In an interview with The Times and "Bild" Zeitung a couple of days before his inauguration he was still of the opinion that “NATO was obsolete”. He further continued, “it’s obsolete because it wasn’t taking care of terror. I took a lot of heat for two days. And then they started saying Trump is right ... With that being said, NATO is very important to me.“ Not to mention the contradictory message he is trying to send to America’s most important allies, it is pretty clear that he is not “100 percent behind NATO”. Needless to say, the first and only time all NATO countries collectively defended a member state was after the September 11 attacks.
“I don’t hire a lot of number-crunchers, and I don’t trust fancy marketing surveys. I do my own surveys and draw my own conclusions.”
― Donald J. Trump, Trump: The Art of the Deal
Trump is also known to be a great supporter of Brexit, which he was eager to point out at the joint press conference with May, who, by the way, voted and campaigned to remain in the European Union. But of course, now she is Ms Brexit. Or in Trump’s words: the “people person”. In the interview with the two papers Trump again stressed his support for Brexit. Similar to his view on NATO and multilateral trade agreements, he is deeply sceptical about the European Union. He told Michael Gove and Kai Diekmann: “You look at the European Union and it’s Germany. Basically a vehicle for Germany. That’s why I thought the UK was so smart in getting out.” However, the day before the EU referendum Trump said: “I don’t think anybody should listen to me, because I haven’t really focused on it very much, but my inclination would be to get out, because you know, just go it alone.” This should be highly alarming to both the UK and the EU. Post-Brexit Britain can’t just rely on the goodwill of the United States; the success of Britain also depends on a stable and prosperous EU and access to the single market. After all, it trades half of its goods with the EU. Just to name an example, in 2015, 45% of all cars built in the UK were exported to the single market and many of the suppliers are located throughout the entire EU. Making a clear cut between the highly interlinked economies in the European Union will be highly disruptive.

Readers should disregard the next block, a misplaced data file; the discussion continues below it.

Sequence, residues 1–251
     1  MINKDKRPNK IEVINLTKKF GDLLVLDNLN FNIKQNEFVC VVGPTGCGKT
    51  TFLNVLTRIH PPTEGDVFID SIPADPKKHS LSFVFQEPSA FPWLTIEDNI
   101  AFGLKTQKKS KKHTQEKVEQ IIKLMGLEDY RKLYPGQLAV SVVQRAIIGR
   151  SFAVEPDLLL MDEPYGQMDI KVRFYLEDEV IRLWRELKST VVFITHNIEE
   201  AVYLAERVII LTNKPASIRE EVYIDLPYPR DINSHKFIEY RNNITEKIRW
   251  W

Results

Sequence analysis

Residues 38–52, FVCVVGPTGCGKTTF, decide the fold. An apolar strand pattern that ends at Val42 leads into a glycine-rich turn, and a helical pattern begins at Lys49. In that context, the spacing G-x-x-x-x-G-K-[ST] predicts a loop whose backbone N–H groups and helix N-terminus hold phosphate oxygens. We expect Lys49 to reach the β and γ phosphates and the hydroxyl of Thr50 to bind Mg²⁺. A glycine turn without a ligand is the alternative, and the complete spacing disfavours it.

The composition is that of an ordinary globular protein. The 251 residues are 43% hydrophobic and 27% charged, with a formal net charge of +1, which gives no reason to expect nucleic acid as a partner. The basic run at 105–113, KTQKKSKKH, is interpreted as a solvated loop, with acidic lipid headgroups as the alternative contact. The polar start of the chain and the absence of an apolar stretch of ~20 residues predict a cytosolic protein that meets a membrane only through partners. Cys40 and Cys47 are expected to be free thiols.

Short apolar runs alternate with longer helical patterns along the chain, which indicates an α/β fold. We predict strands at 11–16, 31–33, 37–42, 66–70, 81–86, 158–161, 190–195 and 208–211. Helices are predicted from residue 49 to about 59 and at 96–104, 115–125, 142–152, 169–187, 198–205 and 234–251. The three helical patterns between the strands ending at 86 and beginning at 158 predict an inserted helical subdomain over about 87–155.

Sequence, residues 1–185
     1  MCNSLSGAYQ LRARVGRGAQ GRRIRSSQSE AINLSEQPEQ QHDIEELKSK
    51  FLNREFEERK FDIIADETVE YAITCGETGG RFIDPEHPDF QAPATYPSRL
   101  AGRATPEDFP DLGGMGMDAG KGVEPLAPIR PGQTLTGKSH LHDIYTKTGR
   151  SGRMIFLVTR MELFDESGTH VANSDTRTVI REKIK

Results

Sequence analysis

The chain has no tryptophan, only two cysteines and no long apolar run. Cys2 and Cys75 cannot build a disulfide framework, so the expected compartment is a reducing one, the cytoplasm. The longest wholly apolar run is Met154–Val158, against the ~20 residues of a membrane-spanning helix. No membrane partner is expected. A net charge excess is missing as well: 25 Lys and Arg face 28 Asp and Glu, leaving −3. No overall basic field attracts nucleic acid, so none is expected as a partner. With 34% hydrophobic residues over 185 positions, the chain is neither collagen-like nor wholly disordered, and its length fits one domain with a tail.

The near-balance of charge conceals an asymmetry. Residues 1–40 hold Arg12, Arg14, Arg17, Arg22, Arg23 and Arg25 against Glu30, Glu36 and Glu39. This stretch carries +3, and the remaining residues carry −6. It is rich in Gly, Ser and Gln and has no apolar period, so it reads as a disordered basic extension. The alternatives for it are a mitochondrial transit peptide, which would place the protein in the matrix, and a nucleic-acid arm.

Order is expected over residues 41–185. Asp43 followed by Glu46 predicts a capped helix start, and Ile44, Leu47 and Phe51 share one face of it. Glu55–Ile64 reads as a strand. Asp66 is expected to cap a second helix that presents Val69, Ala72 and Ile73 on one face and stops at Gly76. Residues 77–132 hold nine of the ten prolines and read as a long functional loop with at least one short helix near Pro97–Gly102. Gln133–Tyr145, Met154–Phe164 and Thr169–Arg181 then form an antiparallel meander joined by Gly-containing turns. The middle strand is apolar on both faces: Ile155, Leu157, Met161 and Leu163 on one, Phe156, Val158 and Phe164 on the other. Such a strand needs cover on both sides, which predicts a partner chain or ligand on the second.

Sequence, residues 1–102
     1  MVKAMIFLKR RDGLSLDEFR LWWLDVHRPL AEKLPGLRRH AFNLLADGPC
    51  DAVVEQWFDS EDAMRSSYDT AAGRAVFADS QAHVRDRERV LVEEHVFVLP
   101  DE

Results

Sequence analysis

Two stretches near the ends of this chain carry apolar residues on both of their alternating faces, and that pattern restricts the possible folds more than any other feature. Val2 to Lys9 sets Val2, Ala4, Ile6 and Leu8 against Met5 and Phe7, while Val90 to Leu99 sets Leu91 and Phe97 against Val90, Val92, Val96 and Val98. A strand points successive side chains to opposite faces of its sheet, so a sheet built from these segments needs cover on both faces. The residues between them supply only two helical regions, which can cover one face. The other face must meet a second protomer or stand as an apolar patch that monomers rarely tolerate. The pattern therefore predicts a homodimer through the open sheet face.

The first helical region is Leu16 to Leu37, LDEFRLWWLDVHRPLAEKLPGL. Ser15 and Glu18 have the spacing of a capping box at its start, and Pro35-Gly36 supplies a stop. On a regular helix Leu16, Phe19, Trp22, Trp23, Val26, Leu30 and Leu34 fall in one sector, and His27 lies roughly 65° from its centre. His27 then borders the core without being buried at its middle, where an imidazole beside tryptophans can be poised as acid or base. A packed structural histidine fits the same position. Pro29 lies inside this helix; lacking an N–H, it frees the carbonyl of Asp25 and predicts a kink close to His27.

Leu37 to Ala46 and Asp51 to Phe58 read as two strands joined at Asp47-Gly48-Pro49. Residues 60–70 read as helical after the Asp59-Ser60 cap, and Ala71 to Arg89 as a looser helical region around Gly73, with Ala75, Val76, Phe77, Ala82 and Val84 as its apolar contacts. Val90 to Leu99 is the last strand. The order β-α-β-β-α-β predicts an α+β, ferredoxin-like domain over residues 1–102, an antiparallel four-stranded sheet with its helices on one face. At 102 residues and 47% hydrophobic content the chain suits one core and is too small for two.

Trump’s opposition to the EU and support for Brexit has nothing to do with his love for the UK. It is part of an ideology promoted by the alt-right and European right-wing populists. After he appointed Steven Bannon as his Chief Strategist and a member of the National Security Council, the influence of the movement on the president became undeniable. Bannon turned the conservative Breitbart News website into the platform of the alt-right that spread numerous fake news stories in support of Trump. Moreover, European populists, especially Nigel Farage, have maintained close ties with Trump. Farage even campaigned for him and was the first foreign politician to visit Trump Tower only 4 days after the election. In a slightly overenthusiastic move Trump even suggested on Twitter that the UK government name Farage as the next ambassador to the United States.